Only a prestigious Parliament can beat SA's many crises

Mosebenzi Zwane. (Gallo Images)
Mosebenzi Zwane. (Gallo Images)

Unemployment, corruption, poor service delivery, poverty and many other national crises must be confronted by a prestigious Parliament, writes Mpumelelo Mkhabela.

The selection of controversial former ministers to head parliamentary committees once again raises questions about the constitutional requirements for being a member of Parliament.

Our constitutional design is such that once you are elected member of Parliament you qualify for a number of positions, including appointment to Cabinet by the president.

You are eligible to stand for election as president of the republic. You could be the speaker of the National Assembly or a chairperson of a parliamentary committee, a key parliamentary institution that enforces accountability on the part of the executive.  

The public uproar following the selection of Gupta-linked former ministers Mosebenzi Zwane and others associated with various misdemeanors in their previous Cabinet portfolios only serves to provide colour to public debate. It doesn't change the fact that nothing in the Constitution prevents Zwane or Faith Muthambi from being elected to higher positions.

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Only their political party, the ANC, out of its own volition as a governing party can prevent them. But the party's integrity committee has failed to stamp its authority. So, the ANC is free to field such members of Parliament to positions of authority.

This, however, does not take away the fact that society is generally concerned about the low moral threshold to which Parliament, by virtue of being run by such characters, is now subject. (Some might say Parliament has been the face of a low threshold in public morality for a long time.)

Parliament, according to the Constitution is the representative of the people. Zwane and Muthambi are, by implication, the best the ANC can put forward to represent the people in two key decision-making processes of which parliamentary committees are central: making laws and holding the executive to account.

But we know they are not the best to represent South Africans. Nor are they the best in the ANC itself. Given their controversial past, they still have to account at the Zondo commission of inquiry into state capture and hopefully other criminal tribunals.

This denigration of Parliament through such appointments requires sober reflection among all leaders of political parties if we are to avoid the risk of delegitimising Parliament even after a free and fair election. All political parties must put their differences aside and initiate a frank debate about the requirements for being a member of Parliament, the chair of a portfolio committee, the speaker of the National Assembly, deputy president and president of the republic. The requirements must not be the same.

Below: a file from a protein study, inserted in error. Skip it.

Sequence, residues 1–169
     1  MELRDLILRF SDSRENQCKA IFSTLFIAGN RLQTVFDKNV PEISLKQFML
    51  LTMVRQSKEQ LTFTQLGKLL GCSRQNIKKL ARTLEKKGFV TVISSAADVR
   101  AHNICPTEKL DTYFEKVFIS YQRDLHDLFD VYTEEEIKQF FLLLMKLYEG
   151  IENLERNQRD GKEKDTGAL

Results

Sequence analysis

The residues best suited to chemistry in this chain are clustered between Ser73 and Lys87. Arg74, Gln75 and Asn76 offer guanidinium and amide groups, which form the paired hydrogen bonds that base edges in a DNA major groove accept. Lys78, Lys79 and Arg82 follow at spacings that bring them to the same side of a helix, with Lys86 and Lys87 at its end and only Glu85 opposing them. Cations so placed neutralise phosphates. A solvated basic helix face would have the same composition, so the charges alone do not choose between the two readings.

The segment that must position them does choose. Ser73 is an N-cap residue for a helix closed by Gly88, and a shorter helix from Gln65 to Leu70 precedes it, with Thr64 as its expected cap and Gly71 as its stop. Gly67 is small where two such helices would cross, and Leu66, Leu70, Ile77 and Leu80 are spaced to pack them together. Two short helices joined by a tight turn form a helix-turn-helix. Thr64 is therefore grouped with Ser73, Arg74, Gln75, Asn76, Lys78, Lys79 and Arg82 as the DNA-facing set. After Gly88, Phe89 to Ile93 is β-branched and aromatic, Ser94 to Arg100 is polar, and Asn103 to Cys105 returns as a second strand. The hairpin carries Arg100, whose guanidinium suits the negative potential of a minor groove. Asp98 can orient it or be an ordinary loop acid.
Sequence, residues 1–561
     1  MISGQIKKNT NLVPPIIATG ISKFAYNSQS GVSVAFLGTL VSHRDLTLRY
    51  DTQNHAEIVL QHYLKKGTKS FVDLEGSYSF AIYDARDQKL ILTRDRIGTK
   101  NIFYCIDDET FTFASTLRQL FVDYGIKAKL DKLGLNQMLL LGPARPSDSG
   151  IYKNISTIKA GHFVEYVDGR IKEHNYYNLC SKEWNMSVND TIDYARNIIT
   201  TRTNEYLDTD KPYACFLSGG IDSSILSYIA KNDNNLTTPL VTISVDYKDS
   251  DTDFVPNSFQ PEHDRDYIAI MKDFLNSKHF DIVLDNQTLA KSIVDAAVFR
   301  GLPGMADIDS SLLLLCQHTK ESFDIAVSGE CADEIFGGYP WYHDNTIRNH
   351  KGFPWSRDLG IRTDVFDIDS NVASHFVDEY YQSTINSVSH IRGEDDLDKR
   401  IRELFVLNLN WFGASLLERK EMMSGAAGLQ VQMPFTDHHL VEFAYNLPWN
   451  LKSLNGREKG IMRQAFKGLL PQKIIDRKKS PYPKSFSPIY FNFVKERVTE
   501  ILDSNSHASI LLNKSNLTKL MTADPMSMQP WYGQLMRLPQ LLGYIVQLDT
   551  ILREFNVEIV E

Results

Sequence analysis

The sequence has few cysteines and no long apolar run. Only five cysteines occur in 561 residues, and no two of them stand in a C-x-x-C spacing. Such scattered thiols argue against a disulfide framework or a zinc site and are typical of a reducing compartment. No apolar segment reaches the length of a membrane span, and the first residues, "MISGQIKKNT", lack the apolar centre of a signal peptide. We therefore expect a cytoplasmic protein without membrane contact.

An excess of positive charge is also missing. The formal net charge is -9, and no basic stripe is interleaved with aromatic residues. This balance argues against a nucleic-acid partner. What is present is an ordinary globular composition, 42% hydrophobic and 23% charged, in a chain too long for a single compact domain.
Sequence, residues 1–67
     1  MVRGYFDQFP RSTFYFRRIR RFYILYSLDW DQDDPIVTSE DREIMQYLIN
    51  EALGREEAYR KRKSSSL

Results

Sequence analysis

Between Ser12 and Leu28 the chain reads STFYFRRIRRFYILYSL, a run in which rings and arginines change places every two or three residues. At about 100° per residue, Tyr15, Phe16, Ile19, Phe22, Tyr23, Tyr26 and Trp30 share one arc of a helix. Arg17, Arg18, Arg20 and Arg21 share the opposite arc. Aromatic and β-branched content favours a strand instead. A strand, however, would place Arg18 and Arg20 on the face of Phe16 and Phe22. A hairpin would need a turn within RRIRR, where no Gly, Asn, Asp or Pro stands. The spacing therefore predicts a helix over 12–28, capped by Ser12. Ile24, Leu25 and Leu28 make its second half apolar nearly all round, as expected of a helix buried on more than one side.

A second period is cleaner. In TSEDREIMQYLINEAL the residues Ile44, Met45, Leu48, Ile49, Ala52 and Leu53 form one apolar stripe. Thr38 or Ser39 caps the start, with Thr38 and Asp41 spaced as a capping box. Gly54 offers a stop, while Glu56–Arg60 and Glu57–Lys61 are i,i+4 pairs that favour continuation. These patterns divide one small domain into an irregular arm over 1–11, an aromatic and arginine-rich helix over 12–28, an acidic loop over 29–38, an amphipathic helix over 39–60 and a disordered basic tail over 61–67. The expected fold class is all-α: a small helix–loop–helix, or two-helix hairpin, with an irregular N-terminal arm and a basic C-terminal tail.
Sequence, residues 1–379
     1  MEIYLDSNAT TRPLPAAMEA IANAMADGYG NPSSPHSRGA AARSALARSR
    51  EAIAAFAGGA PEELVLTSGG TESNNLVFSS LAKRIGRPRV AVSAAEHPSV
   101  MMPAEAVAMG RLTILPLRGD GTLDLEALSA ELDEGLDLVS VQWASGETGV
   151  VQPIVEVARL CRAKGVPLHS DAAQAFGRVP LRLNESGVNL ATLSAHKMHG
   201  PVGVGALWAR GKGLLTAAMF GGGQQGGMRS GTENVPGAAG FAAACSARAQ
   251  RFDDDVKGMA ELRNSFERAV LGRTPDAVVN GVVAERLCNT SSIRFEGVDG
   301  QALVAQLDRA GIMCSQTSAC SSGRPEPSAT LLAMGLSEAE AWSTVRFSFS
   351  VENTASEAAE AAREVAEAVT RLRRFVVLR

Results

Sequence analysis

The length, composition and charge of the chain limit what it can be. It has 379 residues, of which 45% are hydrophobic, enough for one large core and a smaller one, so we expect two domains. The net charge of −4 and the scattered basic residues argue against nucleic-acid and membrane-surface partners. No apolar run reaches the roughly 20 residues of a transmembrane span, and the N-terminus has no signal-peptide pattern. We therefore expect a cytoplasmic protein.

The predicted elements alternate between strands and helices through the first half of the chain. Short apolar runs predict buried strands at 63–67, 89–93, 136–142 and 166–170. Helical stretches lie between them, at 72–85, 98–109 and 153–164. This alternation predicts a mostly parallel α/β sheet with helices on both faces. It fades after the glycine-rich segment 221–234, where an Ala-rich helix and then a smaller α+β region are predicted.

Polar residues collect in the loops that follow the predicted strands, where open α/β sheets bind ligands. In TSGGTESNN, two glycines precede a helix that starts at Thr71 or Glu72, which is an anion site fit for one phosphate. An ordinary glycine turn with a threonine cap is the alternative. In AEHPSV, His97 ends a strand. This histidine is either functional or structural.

The drafters of the Constitution would not have imagined that people who are willing to aid treason would be eligible to sit in Parliament and, like all MPs including the good ones, theoretically have a good chance of being elevated to even higher positions.

If the public uproar is to have any substantive effect and assuming that all leaders of political parties, including the ANC, are listening, qualification criteria for different positions would be developed and institutionalised. This would greatly benefit the Cabinet, a derivative of Parliament.

The selection of MPs of questionable background to head portfolio committees will have a negative impact on oversight and law making. Here are some likely scenarios.

There is a possibility ministers and senior government bureaucrats might correctly resist being judged by a portfolio committee headed by an MP who was utterly incompetent when he or she had the privilege to serve in Cabinet in the past. Many civil servants were traumatised by state capture perpetrated by some of the promoted MPs.

But knowing their own historical sins, the situation could lead to another possibility. Some of the controversial former ministers who chair committees might try to ingratiate themselves to Cabinet members and other government officials to be seen to be supportive of the "new dawn".

The worst-case scenario is one where the former ministers become completely hostile to the new Cabinet members and to President Cyril Ramaphosa. In such a situation, they would become an opposition faction within the ANC.

Regardless of which scenario turns out to be true, the appointment of questionable people in such critical positions does not augur well for balanced, robust and critical oversight that guarantees service delivery and high ethical standards.

It is also likely that committees headed by questionable characters could become sites for battles between ANC members and opposition MPs. The latter will be more emboldened than ever before because of their net increase in membership after the ANC's electoral decline.

Much-needed constructive oversight on the executive could be the casualty, especially if the opposition itself is also fractured, as their antagonistic ideological posturing seems to suggest. South Africa cannot afford a systemically fractured and an ethically challenged Parliament.

Unemployment, corruption, poor service delivery, poverty and many other national crises must be confronted by a prestigious Parliament. Not one with a reputation for senseless spectacle.

- Mkhabela is a regular columnist for News24.

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